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University of Colorado Boulder

At the foot of the Rocky Mountains, the University of Colorado Boulder is nationally recognized as one of only 36 AAU public research universities. Established in 1876, CU Boulder is a Tier 1 public research university with five Nobel laureates, nine MacArthur “genius” fellows and is the No. 1 public university recipient of NASA awards. CU Boulder is a leader in many fields, including aerospace engineering, physics and environmental law. The school partners with many notable federal research labs, including the National Center for Atmospheric Research, the National Oceanic and Atmospheric Administration (NOAA) and the National Institute of Standards and Technology (NIST). CU Boulder students thrive academically and athletically, with Buff athletes competing in the NCAA Division I Pac-12 conference.

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Vaccination has allowed people to be more social again with much less risk of serious illness, but less cautious behaviors put people at an increased risk of catching the virus. Sabrina Bracher / iStock via Getty Images Plus

If I am vaccinated and get COVID-19, what are my chances of dying? The answer is surprisingly hard to find

Calculating your risk of death or hospitalization if you are infected with the coronavirus requires good data – notably, the total number of infections in the US. Unfortunately, that data is fuzzy.
Gender norms can affect every aspect of a person’s life, including their health. YES BRASIL/iStock via Getty Images Plus

In countries more biased against women, higher COVID-19 death rates for men might not tell an accurate story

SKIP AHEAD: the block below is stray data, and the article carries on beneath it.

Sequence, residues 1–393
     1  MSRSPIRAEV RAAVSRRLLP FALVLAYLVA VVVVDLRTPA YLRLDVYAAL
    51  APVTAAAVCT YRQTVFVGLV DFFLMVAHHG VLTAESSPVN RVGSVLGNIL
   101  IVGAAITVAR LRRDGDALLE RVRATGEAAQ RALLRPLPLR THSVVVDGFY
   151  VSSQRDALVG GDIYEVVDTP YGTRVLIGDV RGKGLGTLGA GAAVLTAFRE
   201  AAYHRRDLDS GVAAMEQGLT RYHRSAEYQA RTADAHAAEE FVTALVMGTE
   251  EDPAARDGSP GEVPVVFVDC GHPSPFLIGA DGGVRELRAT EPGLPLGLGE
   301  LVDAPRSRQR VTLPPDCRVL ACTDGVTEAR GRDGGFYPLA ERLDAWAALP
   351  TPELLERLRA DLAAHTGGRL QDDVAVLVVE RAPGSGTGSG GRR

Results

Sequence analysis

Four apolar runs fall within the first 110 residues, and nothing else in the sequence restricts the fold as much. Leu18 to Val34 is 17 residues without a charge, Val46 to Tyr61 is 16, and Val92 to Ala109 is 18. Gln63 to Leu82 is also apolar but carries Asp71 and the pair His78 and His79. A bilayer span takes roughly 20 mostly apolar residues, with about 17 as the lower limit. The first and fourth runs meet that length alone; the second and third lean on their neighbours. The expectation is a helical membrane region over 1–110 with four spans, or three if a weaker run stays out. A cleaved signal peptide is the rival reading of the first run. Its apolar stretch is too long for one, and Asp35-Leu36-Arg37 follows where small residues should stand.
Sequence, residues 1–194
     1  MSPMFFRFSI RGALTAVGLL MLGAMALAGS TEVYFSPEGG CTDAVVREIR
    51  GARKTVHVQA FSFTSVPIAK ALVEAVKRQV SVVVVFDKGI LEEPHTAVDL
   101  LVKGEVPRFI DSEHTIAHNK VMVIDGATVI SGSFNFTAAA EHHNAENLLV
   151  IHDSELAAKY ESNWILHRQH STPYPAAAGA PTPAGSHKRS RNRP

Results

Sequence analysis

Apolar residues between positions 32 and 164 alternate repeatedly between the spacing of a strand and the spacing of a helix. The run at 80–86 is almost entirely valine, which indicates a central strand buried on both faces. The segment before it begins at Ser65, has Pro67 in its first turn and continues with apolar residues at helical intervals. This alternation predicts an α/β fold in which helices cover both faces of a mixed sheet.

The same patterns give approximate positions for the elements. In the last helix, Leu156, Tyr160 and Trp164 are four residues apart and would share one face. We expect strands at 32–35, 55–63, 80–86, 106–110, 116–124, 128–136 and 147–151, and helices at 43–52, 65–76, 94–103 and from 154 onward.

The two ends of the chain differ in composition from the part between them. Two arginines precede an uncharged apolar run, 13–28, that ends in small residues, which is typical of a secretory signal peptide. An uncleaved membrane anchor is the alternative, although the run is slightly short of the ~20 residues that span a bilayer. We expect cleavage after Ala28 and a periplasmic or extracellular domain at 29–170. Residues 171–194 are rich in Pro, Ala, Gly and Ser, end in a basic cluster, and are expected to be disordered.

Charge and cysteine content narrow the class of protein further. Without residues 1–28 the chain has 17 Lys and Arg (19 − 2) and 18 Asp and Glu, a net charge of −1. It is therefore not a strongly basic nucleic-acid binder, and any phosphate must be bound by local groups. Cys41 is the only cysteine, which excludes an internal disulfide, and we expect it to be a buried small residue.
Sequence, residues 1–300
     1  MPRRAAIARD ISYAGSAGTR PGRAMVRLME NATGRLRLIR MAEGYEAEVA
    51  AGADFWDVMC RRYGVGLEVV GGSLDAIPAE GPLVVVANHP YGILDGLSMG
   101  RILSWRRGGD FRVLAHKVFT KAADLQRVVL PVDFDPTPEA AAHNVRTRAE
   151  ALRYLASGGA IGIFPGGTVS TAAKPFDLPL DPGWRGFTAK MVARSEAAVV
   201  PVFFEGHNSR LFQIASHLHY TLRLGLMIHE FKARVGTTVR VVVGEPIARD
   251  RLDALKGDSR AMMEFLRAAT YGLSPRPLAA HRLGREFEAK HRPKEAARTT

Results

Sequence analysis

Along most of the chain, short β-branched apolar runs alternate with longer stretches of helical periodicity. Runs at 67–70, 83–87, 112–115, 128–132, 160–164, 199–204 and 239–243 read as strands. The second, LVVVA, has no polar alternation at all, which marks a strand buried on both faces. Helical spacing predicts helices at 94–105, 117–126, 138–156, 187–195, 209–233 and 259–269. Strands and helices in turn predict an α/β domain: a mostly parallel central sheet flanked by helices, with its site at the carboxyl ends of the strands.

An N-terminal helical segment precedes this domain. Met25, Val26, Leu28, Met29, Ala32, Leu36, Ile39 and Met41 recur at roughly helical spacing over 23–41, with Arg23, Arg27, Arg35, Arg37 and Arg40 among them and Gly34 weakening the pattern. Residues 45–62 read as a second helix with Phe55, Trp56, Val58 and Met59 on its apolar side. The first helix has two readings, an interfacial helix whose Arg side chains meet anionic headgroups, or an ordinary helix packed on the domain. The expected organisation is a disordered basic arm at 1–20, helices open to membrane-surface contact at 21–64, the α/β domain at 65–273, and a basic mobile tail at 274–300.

Some countries report higher rates of COVID-19 cases and deaths among men. This might be due to underreporting among women with limited health access.
The compact olfactory system provides a more accessible way to study the brain as a whole. Esther Kok/EyeEm via Getty Images

From odor to action – how smells are processed in the brain and influence behavior

Understanding how the brain translates smells into behavior change can help advance search and rescue technology and treatments for neurological conditions.
The list of SARS-CoV-2 variants – each with its own unique qualities that give it an edge – just keeps growing. Matt Anderson Photography/Moment via Getty Images

Alpha then delta and now omicron – 6 questions answered as COVID-19 cases once again surge across the globe

People are buzzing with questions about the omicron variant and whether it could help usher in herd immunity. A team of virologists deciphers the latest findings.
Amid the latest surge of COVID-19 cases, health care workers yet again are having to make difficult triage decisions in caring for patients. Morsa Images/E+ via Getty Images

During a COVID-19 surge, ‘crisis standards of care’ involve excruciating choices and impossible ethical decisions for hospital staff

A physician-bioethicist reflects on how health professionals are yet again facing painful reminders of the early months of the pandemic.
Community members from Utqiagvik, Alaska, look to open water from the edge of shorefast sea ice. Matthew Druckenmiller

2021 Arctic Report Card reveals a (human) story of cascading disruptions, extreme events and global connections

Sea ice is thinning at an alarming rate. Snow is shifting to rain. And humans worldwide are increasingly feeling the impact of what happens in the seemingly distant Arctic.
Dancing with danger. West Side Story/Amblin

‘West Side Story’ may be timeless – but life in gangs today differs drastically from when the Jets and Sharks ruled the streets

Gangs have changed in the decades since ‘West Side Story’ first came out – they are deadlier, and their demographics are different – as are the means law enforcement use to control them.

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